Glass,  Upcycling,  Wood

Cylindrical tealight holders

A quite simple project that involved turning an old balustrade post, cracked and riddled and cutting wine bottles. I used my recently built router turning jig to turn one cylinder, slightly bigger in diameter as that was reduced later on by sanding.

I noticed that there is actually no need to rotate the piece all the time, and what worked was to route it all the way through, from one end to another and then rotate it clockwise a little bit, do the pass and so on. That didn’t apply to the recesses at both ends. Once it was done I drilled holes and used a flush-cut router bit to mask little mistakes.

Using a mitre gauge sacrificial fence and my table saw I cut some vents and using the same fence I split the piece in half. Sanding was followed by cutting chamfers and checking diameters with my calliper.

One piece was finished with wood oil and the other with semi shou sugi ban technique. I used my heat gun and it took ages to burn the wood. The wire brush left some scratches and the crack in the wood got even bigger. But that’s OK – after I waxed the piece I filled up the crack with wood glue, repeating that action a couple of times as the glue was sinking in leaving room for the new application. I covered the other end with some painter’s tape so that could stop the glue from leaking out.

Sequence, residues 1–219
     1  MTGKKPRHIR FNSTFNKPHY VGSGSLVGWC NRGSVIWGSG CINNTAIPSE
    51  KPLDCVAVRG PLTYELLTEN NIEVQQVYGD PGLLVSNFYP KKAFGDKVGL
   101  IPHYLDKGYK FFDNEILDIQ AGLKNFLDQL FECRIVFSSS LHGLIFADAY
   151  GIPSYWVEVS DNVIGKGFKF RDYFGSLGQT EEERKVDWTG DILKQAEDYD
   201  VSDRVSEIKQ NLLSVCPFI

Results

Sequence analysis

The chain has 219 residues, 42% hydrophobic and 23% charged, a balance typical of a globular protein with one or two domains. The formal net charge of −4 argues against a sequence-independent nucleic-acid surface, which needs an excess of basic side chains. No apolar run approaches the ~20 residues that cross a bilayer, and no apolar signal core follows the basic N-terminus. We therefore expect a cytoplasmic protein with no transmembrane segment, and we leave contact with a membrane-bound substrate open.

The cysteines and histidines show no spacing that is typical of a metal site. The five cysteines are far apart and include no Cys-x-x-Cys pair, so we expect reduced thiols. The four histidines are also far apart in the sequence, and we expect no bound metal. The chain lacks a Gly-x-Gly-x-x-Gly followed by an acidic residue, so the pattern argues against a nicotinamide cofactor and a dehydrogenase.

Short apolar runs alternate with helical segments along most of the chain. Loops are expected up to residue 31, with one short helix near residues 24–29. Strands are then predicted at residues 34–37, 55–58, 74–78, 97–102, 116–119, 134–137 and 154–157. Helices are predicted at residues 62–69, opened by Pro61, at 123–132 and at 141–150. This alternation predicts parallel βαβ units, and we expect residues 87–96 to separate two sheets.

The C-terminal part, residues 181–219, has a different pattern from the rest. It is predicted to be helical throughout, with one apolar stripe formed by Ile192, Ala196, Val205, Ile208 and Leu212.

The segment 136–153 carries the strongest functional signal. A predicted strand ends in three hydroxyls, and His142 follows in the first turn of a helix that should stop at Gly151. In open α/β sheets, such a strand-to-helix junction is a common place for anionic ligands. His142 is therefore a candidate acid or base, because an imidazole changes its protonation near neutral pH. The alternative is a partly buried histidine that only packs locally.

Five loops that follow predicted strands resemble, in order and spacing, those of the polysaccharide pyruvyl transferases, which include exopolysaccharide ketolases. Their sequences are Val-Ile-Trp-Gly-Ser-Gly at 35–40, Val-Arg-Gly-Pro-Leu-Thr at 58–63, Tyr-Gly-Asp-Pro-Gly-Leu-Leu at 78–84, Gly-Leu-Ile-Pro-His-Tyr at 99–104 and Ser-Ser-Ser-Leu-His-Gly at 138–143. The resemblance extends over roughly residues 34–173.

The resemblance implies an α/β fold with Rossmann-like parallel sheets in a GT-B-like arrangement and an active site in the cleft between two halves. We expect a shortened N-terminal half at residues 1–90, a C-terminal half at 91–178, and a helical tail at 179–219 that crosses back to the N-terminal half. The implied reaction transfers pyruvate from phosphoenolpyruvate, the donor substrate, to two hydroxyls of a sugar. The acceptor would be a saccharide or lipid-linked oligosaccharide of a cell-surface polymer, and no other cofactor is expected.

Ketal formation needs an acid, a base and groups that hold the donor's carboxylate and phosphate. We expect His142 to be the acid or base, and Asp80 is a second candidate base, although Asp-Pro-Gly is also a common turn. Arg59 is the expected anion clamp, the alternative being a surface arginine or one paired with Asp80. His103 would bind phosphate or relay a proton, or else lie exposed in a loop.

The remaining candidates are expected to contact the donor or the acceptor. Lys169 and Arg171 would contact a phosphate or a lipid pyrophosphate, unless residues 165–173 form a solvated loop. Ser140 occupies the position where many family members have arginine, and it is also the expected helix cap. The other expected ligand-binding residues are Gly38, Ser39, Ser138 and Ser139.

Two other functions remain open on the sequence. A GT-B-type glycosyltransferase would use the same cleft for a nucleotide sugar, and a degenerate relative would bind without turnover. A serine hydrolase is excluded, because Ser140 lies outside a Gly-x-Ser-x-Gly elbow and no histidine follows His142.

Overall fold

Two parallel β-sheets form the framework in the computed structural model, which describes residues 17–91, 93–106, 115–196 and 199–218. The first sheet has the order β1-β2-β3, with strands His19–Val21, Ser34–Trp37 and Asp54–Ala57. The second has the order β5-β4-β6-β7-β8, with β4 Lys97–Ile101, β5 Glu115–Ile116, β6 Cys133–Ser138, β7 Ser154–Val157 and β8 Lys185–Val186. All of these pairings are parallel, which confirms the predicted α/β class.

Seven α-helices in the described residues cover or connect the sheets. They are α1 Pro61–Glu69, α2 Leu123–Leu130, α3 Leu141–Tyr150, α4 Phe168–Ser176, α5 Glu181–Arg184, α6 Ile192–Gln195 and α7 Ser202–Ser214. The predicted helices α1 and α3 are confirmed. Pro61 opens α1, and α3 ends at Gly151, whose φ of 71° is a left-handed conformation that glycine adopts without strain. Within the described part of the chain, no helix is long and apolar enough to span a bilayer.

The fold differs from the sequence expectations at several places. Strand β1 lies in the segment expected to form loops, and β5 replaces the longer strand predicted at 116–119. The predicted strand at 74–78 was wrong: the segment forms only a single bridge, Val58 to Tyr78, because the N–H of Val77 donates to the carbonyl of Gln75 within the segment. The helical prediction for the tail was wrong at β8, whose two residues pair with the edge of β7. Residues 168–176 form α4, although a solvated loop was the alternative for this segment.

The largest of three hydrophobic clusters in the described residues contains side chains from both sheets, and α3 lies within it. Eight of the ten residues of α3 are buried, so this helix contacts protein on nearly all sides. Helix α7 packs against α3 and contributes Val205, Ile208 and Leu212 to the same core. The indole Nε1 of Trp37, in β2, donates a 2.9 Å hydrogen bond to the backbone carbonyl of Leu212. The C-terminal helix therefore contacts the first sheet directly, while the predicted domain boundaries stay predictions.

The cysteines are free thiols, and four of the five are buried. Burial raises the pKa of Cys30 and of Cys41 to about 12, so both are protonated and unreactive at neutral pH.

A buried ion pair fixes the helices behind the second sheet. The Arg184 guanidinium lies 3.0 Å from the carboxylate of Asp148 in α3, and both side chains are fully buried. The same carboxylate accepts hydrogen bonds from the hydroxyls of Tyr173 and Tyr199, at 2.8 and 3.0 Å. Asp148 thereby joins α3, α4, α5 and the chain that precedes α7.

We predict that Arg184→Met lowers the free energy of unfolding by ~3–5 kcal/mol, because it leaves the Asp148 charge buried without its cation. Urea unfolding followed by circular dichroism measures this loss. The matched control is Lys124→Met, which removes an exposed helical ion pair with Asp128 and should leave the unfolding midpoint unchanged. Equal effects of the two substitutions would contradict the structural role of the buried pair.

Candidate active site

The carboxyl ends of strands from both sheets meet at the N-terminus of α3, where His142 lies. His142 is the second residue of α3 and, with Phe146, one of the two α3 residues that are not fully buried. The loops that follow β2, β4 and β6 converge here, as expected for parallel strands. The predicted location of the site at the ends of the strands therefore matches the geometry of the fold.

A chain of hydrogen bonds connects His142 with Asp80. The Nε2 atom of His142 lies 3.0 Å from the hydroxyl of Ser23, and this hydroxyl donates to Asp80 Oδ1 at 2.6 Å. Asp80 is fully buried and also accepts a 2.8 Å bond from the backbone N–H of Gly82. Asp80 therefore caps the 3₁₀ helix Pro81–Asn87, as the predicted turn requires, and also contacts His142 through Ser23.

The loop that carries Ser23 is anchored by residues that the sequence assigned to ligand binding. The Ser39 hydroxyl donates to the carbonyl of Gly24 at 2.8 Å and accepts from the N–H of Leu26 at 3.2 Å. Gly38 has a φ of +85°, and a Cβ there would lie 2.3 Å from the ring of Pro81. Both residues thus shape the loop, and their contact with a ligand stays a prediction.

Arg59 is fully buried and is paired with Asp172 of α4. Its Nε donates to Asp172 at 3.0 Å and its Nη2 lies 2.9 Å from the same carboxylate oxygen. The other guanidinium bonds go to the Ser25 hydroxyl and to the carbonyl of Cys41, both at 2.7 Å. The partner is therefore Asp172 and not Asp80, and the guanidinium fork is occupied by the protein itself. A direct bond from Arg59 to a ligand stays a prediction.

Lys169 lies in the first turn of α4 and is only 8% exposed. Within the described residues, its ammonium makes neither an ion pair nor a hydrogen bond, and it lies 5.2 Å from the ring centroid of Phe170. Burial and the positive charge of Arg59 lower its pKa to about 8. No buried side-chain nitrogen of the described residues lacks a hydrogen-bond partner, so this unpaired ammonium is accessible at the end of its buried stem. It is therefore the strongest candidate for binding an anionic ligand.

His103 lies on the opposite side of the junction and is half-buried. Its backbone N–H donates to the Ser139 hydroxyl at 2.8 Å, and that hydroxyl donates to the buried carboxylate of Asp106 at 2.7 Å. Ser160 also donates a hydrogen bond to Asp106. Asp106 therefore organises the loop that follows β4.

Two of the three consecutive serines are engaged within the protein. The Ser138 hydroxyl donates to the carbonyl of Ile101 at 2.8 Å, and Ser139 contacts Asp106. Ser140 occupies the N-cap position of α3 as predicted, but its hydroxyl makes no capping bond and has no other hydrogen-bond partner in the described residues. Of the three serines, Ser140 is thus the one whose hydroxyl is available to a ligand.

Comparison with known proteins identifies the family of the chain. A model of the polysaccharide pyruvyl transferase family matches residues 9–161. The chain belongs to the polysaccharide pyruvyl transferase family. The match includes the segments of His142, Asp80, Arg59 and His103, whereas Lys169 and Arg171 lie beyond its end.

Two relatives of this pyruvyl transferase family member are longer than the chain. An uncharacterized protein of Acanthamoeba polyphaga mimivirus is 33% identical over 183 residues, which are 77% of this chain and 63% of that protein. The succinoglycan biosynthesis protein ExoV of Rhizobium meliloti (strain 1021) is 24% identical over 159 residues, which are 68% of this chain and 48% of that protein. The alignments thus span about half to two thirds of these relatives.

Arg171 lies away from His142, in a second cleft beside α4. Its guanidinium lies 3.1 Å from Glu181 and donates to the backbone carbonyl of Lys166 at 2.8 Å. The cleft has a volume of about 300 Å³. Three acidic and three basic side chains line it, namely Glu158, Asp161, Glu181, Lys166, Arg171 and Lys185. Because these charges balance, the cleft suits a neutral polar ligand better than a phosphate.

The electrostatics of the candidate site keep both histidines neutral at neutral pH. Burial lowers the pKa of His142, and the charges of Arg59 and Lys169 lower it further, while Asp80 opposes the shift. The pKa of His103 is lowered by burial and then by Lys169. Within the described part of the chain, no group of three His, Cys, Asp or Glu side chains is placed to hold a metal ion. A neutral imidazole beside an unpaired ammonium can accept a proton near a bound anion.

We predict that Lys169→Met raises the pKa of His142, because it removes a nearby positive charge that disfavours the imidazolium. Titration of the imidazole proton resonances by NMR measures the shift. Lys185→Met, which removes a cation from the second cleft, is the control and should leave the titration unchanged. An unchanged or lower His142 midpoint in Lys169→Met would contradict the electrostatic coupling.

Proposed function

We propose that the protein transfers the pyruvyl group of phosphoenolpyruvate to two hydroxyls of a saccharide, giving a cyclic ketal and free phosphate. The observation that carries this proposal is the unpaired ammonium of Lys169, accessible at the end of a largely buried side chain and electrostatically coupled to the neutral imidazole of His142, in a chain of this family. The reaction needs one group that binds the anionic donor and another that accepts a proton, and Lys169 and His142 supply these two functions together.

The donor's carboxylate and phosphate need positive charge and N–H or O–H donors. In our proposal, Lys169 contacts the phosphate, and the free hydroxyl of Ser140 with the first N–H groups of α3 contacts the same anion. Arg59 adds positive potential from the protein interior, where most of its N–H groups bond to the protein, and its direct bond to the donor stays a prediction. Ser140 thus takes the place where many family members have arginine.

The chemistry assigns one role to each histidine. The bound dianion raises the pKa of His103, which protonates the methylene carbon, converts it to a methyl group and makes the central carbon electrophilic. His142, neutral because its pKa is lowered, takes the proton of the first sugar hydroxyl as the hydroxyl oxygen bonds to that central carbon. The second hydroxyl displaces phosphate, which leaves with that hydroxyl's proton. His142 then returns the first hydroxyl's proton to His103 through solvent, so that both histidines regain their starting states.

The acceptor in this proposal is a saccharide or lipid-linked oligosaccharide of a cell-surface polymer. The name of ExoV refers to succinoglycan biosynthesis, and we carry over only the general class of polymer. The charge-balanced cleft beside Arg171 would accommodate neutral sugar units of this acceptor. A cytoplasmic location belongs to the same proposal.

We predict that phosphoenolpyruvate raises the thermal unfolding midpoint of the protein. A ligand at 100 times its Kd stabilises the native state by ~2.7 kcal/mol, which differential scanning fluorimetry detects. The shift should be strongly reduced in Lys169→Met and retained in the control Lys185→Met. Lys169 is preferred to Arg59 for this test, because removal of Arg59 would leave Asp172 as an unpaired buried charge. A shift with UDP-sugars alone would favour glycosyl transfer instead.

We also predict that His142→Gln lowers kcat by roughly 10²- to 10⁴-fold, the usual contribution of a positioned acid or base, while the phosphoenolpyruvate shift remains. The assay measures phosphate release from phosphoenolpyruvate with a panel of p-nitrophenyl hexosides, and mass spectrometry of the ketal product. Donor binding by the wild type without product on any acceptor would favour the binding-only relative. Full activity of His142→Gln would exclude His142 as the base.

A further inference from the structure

There were 2 cracks, separated from each other, I only fixed one of them as the other, outer one only embellishes the project. The core will remain sturdy once the outside will show the after-effects of burning wood. I wasn’t sure if that crack changed the shape of the wood from round to oval so I used the only cut glass I had on hand that day to check the fit. I also made sure that the 40 mm holes were big enough for the t-lights. The next day I applied more wax and buffed the pieces. I used my heat gun to warm up the wood and wax so the penetration depth and protection were better.

Cutting the first bottle was easy as usual, cutting lines with my jig and then using boiling and cold water to crack the glass. The next step was to select sanding discs for the task. I used everything from 40 to 3000 grit and my brand-new backing pad.

Sanding took a while as there was a low spot that I couldn’t reach with the disc. Once the edges were sanded and polished I washed the glass and checked the fit.

One bottle at a time – slowly but surely.

Cutting and finishing the other bottle was quite the same. The similar-height holders had to look like wine bottles cut in half.

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